Consequences of World War I Around the World

Instructor: Nate Sullivan

Nate Sullivan holds a M.A. in History and a M.Ed. He is an adjunct history professor, middle school history teacher, and freelance writer.

In this lesson we will examine the consequences of World War I. We will highlight the key developments following the war, and we will see how they set the stage for the unfolding of other historical events (such as World War II).

The War to End All Wars

World War I has been called the 'War to End All Wars.' It was such a horrific and unfathomable war that many people during the early 20th century believed it would be the last large-scale war in human history. Never again would man wreak such bloodshed upon his fellow man... or so it was presumed.

Of course, looking back we now know this was a grave misjudgment. Some twenty years later an even deadlier world war broke out. In many ways the First World War set the stage for the Second World War. In fact, some historians have even interpreted the two conflicts as one single war separated by a prolonged truce. Let's dig deeper and see what kind of consequences World War I had, and how it set the stage for subsequent historical developments.

Post-World War I Europe

The most visible and profound consequence of World War I was the upheaval of the German Reich and the turmoil left in its place. See, under the Treaty of Versailles, signed in 1919, Germany was basically forced to accept complete blame for the outbreak of the war. Under Article 231, commonly called the 'War Guilt Clause,' Germany agreed to make territorial concessions and pay large sums of money to the victors in the form of 'reparations.' The Treaty of Versailles was basically intended to punish and debilitate Germany, ensuring that it could not pose any threat to other European powers.

The Treaty of Versailles imposed harsh surrender conditions upon Germany.

The most significant territorial concession following the war, was the transfer of Alsace-Lorraine from Germany to France. This contested region had been fought over for decades, and was highly desired by both nations.

In the course of defeat, the German Empire fell apart and a democratic government, commonly called the Weimar Republic replaced it. This new government lasted from 1919-1933, and was hated by both those on the political right and the political left. On the right, a new political party emerged in opposition to the Weimar government, called the National Socialist Germany Workers Party. We know this party as the Nazi Party. And of course, we know Adolf Hitler emerged as the leader of the Nazis.

See, the Treaty of Versailles was pretty harsh on Germany, and it caused enormous economic problems. Hyper-inflation soared to a level where men and women had to wheelbarrow piles of currency just to buy a loaf of bread. By the late 1920s and early 1930s, depression had wreaked havoc on German society, and the German people began to demand an end to the Weimar Republic. And guess who they wanted as their new leader? Yep, you got it: Adolf Hitler. So... in a nutshell the harshness of the Treaty of Versailles and the problems it created for Germany, helped put Hitler and the Nazis in power.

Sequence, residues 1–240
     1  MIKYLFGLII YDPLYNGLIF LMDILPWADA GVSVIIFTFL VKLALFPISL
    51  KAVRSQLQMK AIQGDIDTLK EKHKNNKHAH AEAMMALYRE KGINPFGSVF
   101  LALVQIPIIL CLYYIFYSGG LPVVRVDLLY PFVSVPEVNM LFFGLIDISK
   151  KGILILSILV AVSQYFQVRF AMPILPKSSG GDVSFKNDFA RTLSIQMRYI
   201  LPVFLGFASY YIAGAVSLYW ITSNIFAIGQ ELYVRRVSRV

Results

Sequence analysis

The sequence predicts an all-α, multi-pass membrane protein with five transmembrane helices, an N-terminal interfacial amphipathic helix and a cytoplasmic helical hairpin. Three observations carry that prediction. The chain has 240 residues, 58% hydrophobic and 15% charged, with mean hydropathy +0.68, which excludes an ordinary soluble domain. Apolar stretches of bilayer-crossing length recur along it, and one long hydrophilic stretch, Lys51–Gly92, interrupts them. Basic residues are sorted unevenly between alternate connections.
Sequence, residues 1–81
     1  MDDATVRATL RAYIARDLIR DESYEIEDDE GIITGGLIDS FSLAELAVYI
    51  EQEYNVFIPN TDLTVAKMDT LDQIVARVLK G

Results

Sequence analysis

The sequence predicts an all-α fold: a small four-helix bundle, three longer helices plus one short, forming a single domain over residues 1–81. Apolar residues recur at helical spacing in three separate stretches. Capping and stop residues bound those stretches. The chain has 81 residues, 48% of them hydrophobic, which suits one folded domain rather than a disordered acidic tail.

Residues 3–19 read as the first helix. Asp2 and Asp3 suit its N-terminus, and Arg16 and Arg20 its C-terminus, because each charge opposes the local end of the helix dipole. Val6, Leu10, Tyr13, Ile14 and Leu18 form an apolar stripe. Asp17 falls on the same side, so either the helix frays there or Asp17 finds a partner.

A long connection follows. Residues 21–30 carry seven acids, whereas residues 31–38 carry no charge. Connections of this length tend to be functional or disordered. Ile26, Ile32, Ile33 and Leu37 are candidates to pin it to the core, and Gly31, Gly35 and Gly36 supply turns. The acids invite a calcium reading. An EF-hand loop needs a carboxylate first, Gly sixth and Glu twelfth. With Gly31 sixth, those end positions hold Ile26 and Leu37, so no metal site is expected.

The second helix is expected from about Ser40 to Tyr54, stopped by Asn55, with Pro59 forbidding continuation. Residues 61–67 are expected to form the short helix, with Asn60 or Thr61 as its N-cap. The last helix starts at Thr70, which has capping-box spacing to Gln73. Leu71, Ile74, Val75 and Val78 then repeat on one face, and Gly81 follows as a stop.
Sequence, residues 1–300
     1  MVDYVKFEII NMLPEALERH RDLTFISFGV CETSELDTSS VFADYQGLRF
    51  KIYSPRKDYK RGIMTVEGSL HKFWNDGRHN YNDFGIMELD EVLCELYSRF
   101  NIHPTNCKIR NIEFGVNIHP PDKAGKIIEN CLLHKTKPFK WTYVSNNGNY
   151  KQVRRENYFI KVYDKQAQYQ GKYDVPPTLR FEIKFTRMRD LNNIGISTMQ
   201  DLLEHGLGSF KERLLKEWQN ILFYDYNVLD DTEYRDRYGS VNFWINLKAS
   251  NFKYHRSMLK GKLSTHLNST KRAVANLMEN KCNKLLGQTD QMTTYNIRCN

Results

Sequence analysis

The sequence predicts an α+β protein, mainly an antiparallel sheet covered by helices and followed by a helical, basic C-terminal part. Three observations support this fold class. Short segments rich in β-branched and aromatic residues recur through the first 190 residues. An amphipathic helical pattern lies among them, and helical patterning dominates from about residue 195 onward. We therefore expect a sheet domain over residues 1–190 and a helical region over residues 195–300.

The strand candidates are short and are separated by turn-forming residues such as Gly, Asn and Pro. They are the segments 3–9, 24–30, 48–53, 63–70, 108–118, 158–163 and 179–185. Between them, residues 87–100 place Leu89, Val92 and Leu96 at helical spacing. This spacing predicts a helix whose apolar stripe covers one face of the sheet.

Dissatisfaction with the Weimar Republic helped Adolf Hitler become popular with the German people.

The First World War left other parts of Europe in ruins too. The war took an especially brutal toll on the French. France was laid to waste, and it is believed roughly 10% of the French population was killed or wounded in the war. The war also had profound effects on Russia, eventually leading to the Russian Revolution and the birth of the Soviet Union. In Italy, social strife following the war allowed Benito Mussolini to rise to power. So time and time again, we see the many ways the First World War paved the way for the Second World War.

Post-World War I America

We're going to spend less time discussing the impact of World War I on America, because generally historians are more concerned with how the war affected Europe and led to the Second World War. Nevertheless, the war had profound consequences on the United States. Basically the United States came in and saved the day: America bailed out Great Britain and France, and that made the U.S. the hero. Following the war, the U.S. assumed a new status as the leading world power. American prestige soared.

Following the war, the American economy boomed. War production had led to an increase in industry. Now factories were free to produce cars and tractors instead of tanks and artillery. The decade following World War I has been called the 'Roaring Twenties' because it was a time of unprecedented prosperity, and was also characterized by leisure, modern innovations, and a general spirit of excitement and hope. Basically World War I helped the United States. It brought America power, prestige, and economic growth. We should note the Great Depression, which began in 1929, was largely unrelated to World War I, and was brought about by other internal factors.

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